The 2001 world titles may be decided, but with three races still to go this season and tyre development for 2002 already under way, Bridgestone Motorsport's work continues apace. The company is delighted to have been part of Michael Schumacher...
The 2001 world titles may be decided, but with three races still to go this season and tyre development for 2002 already under way, Bridgestone Motorsport's work continues apace.
The company is delighted to have been part of Michael Schumacher and Scuderia Ferrari Marlboro's success, and to celebrate its fourth consecutive world championship since entering Formula 1 in 1997.
While the pressure is off for one constructor, Bridgestone Motorsport's five other teams all have their own targets for the rest of the season and the tyre manufacturer is working to help them as much as it can.
"Of course, we are very happy for Ferrari and Michael, the first champions of the 21st century, and proud to share in their victories," says Hirohide Hamashima, head of tyre development at Bridgestone. "But there are still many points to be won before the end of this season. It is our job to make sure we offer products that ensure our teams collect the maximum number of points they can between now and then."
While there is still much to play for this year, attention has already turned to 2002. The testing ban which runs from the Japanese Grand Prix until January 1 means it is crucial that as much useful data and information as possible is collected before the cars make their final track appearances this year.
The championship being decided early has not brought any particular benefit to Bridgestone, as a clear timetable of development for next year's tyres was already in place. The specification for a prototype tyre will be decided by the middle of October. This will be tested in the laboratory during November and December, while at the same time the performances of Bridgestone tyres during 2001 will be analysed.
"We have already begun a full and complete analysis of our performance this year. Careful examination of how we have performed in every race is extremely important towards developing next year's tyres," explains Mr Hamashima. "The aim is to identify our strengths but also any areas where we were not so strong. The result of this analysis will help us set the direction of tyre development for 2002, before we go into the very important indoor tests conducted during the last two months of this year." Testing will resume in January with a second prototype, developed from the work done during the winter months. Data from this testing will be analysed during January and February.
A final prototype will hit the track just before the opening race of the 2002 season at Albert Park, Melbourne in March.
It was in Australia this year that the considerable fall in lap times witnessed during the 2001 season was first seen. Although the size of the reduction has rarely been as great since, the trend in 2001 has been towards much lower lap times. Several lap records have been broken, including that of the Hungaroring just over two weeks ago when Mika Hakkinen slashed the previous fastest time.
Mr Hamashima expects this to continue in 2002. "The average fall in lap times this year has been about two seconds. This is because of an improvement in the cars as well as competition between Bridgestone and our rival. I believe about 30 per cent of the reduction is down to the development of tyres.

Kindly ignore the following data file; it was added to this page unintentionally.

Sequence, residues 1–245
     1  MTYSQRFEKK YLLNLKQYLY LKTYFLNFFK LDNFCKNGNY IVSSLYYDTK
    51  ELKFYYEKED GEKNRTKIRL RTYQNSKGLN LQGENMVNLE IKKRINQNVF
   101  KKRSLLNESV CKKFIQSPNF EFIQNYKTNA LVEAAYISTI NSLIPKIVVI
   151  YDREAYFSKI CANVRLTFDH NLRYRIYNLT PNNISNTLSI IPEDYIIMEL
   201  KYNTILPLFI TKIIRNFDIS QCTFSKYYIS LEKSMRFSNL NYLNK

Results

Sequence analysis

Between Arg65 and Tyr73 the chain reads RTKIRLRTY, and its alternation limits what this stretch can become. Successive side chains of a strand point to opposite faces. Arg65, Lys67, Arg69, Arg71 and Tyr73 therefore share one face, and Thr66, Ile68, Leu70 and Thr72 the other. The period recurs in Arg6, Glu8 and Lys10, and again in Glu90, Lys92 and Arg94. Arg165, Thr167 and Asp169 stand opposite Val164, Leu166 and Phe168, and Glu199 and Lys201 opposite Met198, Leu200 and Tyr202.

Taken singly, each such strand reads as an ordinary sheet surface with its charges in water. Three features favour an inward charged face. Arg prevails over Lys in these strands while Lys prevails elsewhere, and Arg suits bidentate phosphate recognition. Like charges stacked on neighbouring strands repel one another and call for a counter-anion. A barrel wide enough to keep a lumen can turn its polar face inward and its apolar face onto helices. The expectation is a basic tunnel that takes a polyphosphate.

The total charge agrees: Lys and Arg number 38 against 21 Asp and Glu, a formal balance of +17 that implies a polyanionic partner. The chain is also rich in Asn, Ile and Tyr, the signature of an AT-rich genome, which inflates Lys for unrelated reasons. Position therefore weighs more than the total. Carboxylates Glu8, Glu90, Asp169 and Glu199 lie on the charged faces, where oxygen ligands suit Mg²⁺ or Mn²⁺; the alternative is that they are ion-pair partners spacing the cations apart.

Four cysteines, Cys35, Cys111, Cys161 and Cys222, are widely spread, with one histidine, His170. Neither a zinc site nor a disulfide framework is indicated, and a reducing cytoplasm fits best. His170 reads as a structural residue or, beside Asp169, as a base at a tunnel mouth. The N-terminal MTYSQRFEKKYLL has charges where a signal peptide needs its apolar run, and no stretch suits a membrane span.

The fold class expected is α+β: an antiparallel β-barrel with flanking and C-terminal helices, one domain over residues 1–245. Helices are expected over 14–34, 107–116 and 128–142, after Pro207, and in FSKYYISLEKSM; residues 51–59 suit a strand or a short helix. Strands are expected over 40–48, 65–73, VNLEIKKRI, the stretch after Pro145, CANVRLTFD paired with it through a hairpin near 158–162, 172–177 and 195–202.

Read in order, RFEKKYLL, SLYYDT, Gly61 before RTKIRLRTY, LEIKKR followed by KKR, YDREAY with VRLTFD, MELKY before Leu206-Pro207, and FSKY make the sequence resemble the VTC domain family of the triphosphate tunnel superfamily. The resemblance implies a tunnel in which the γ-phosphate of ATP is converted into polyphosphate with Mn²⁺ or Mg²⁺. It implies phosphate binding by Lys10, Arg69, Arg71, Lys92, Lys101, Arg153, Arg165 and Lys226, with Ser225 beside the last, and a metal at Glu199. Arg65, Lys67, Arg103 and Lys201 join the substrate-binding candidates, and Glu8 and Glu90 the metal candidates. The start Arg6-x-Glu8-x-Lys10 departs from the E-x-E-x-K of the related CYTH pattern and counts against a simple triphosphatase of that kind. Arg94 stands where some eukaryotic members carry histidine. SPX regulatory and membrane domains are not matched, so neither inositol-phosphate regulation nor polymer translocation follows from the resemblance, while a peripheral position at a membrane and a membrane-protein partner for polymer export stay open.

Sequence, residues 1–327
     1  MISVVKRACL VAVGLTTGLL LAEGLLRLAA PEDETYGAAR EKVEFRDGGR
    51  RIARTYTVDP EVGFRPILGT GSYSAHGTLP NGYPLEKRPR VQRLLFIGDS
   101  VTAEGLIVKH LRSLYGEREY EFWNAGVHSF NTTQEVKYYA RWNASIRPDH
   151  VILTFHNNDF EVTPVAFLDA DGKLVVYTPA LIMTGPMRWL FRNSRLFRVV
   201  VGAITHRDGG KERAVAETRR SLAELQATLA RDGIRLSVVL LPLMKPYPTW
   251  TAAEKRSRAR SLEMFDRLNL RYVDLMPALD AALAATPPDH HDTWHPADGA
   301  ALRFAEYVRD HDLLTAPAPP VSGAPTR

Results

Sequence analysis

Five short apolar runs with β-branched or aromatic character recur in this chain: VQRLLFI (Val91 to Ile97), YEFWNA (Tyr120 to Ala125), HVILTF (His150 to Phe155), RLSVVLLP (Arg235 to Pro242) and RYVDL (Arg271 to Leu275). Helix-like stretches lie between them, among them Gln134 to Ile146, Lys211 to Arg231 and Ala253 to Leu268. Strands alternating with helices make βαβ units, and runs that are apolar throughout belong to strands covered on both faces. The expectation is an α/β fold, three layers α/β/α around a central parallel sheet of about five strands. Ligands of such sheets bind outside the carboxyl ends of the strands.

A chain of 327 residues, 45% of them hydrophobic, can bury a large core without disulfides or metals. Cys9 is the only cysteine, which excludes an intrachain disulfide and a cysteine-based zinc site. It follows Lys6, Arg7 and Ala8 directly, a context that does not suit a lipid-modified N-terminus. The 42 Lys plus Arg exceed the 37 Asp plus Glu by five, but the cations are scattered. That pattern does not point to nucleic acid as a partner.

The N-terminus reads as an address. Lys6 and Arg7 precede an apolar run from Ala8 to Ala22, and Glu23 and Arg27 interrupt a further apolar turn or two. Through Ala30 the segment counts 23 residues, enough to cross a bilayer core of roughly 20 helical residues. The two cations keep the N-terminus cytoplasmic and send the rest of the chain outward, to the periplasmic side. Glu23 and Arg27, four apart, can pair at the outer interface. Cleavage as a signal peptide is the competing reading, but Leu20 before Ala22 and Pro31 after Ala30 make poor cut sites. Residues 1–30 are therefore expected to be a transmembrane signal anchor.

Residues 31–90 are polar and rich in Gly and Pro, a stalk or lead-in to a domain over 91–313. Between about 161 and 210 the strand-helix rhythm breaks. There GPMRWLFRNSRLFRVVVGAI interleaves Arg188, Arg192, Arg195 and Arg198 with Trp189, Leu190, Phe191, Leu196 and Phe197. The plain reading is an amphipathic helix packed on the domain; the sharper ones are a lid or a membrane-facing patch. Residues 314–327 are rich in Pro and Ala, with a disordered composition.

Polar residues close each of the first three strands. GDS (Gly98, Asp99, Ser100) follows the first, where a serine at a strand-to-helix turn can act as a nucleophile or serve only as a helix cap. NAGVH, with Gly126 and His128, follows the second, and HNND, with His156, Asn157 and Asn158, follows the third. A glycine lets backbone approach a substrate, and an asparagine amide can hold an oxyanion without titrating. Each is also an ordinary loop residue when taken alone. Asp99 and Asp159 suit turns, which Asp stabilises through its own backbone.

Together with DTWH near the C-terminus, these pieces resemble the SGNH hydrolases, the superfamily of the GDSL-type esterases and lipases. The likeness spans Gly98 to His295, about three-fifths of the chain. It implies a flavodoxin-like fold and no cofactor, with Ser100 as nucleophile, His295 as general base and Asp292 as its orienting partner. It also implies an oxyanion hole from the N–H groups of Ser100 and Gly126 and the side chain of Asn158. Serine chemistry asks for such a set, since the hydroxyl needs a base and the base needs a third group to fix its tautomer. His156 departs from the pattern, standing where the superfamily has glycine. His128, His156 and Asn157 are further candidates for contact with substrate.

"I think it is fair to expect that, through a combination of car, engine and tyre development, this trend will continue next year. By how much it is impossible to predict, and from our point of view it will always be within the bounds of safety."
Mr Hamashima is pleased with the way Bridgestone's tyres have performed this year, but he accepts that improvements can be made, especially at certain circuits. "We have been particularly strong at what I would describe as 'technical' circuits, those that are slower and twistier. Our performance at tracks like Monaco and Hungary was obviously strong. There are other circuits where we were not quite as strong, so we have to work on improving our performance there, especially at those tracks that are dominated by straights."
As the wins at Magny-Cours and Hungaroring proved, and contrary to speculation, Bridgestone has not been at a disadvantage in hotter temperatures. Both races, won by Michael Schumacher on Bridgestone tyres, took place in extreme heat. "Although Canada and Germany were also hot weather races, I think the fact that we did not do as well was not down to the weather. It was more a case of track characteristics. It was just coincidence that it happened to be hot," explains Mr Hamashima, adding: "You only have to look at the results to see that high temperatures do not have a negative impact on our performance."
In the wet, Bridgestone advantage has been clear to see, but there will still be improvements for 2002. Says Mr Hamashima: "Our performance in the wet has been pleasing as we have been very competitive. We are satisfied with our wet tyres, which were developed using our computer-based hydro-simulation technology. However, we have a winter programme which will improve further our wet tyre performance."
An important aspect of developing next season's tyres is continuing the close working relationship with Bridgestone's teams. Says Mr Hamashima: "The sharing of information is important to both sides - the car designers need to know what direction we are going in in tyre development and they help us by giving us the information we require about car development.
"We are all working towards the same goal, and of course Bridgestone's success is in part dependent on our teams' success. We all want to be the best."